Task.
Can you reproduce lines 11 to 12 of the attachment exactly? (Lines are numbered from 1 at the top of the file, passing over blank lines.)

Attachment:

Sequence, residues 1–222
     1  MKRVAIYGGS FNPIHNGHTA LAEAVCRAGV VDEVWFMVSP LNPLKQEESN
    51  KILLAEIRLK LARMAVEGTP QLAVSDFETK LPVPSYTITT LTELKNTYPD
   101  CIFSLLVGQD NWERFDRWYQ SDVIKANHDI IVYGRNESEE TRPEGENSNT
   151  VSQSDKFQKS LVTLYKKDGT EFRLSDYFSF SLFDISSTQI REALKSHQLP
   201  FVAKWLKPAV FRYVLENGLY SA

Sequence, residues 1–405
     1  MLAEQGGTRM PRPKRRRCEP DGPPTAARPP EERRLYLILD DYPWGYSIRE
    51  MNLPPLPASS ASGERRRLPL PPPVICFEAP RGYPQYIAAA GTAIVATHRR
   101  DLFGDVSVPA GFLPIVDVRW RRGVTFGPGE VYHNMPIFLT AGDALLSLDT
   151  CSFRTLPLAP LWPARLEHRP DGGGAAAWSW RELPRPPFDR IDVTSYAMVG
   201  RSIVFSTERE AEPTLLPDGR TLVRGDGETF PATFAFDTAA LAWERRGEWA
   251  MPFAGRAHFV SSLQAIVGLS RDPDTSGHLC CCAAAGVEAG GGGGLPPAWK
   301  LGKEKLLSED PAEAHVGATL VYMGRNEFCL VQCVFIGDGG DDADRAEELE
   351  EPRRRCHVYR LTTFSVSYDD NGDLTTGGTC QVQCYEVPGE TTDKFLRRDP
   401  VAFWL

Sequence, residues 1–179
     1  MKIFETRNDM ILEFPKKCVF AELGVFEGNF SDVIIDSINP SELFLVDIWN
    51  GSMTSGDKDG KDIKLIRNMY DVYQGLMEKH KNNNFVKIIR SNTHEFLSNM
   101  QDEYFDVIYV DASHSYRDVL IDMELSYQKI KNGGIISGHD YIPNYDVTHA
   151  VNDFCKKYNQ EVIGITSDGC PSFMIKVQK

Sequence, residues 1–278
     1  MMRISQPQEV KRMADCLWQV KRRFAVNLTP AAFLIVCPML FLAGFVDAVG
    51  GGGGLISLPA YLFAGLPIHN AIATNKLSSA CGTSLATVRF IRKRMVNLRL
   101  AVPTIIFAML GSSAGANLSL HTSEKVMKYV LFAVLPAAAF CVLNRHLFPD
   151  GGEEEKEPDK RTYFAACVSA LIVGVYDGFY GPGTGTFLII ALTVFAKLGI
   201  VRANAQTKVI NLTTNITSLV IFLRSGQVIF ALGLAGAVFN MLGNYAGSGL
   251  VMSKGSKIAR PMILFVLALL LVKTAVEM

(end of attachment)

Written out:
   151  CSFRTLPLAP LWPARLEHRP DGGGAAAWSW RELPRPPFDR IDVTSYAMVG
   201  RSIVFSTERE AEPTLLPDGR TLVRGDGETF PATFAFDTAA LAWERRGEWA